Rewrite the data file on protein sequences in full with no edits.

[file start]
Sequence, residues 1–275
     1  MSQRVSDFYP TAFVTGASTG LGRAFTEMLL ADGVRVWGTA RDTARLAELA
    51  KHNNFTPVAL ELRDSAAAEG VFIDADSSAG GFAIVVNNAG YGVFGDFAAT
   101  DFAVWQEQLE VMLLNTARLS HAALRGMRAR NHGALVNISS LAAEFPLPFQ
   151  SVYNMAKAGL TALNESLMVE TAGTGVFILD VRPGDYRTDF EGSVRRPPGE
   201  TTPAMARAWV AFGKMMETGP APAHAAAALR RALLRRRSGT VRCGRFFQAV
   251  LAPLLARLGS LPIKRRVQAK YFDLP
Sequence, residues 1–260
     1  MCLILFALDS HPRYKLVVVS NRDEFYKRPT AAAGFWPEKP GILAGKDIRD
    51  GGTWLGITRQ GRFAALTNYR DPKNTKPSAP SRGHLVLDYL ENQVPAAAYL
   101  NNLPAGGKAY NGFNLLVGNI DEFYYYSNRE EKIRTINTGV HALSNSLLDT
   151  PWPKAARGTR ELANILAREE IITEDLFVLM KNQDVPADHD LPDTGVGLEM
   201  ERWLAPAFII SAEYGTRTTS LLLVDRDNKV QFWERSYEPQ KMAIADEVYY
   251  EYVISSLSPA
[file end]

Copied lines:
Sequence, residues 1–275
     1  MSQRVSDFYP TAFVTGASTG LGRAFTEMLL ADGVRVWGTA RDTARLAELA
    51  KHNNFTPVAL ELRDSAAAEG VFIDADSSAG GFAIVVNNAG YGVFGDFAAT
   101  DFAVWQEQLE VMLLNTARLS HAALRGMRAR NHGALVNISS LAAEFPLPFQ
   151  SVYNMAKAGL TALNESLMVE TAGTGVFILD VRPGDYRTDF EGSVRRPPGE
   201  TTPAMARAWV AFGKMMETGP APAHAAAALR RALLRRRSGT VRCGRFFQAV
   251  LAPLLARLGS LPIKRRVQAK YFDLP
Sequence, residues 1–260
     1  MCLILFALDS HPRYKLVVVS NRDEFYKRPT AAAGFWPEKP GILAGKDIRD
    51  GGTWLGITRQ GRFAALTNYR DPKNTKPSAP SRGHLVLDYL ENQVPAAAYL
   101  NNLPAGGKAY NGFNLLVGNI DEFYYYSNRE EKIRTINTGV HALSNSLLDT
   151  PWPKAARGTR ELANILAREE IITEDLFVLM KNQDVPADHD LPDTGVGLEM
   201  ERWLAPAFII SAEYGTRTTS LLLVDRDNKV QFWERSYEPQ KMAIADEVYY
   251  EYVISSLSPA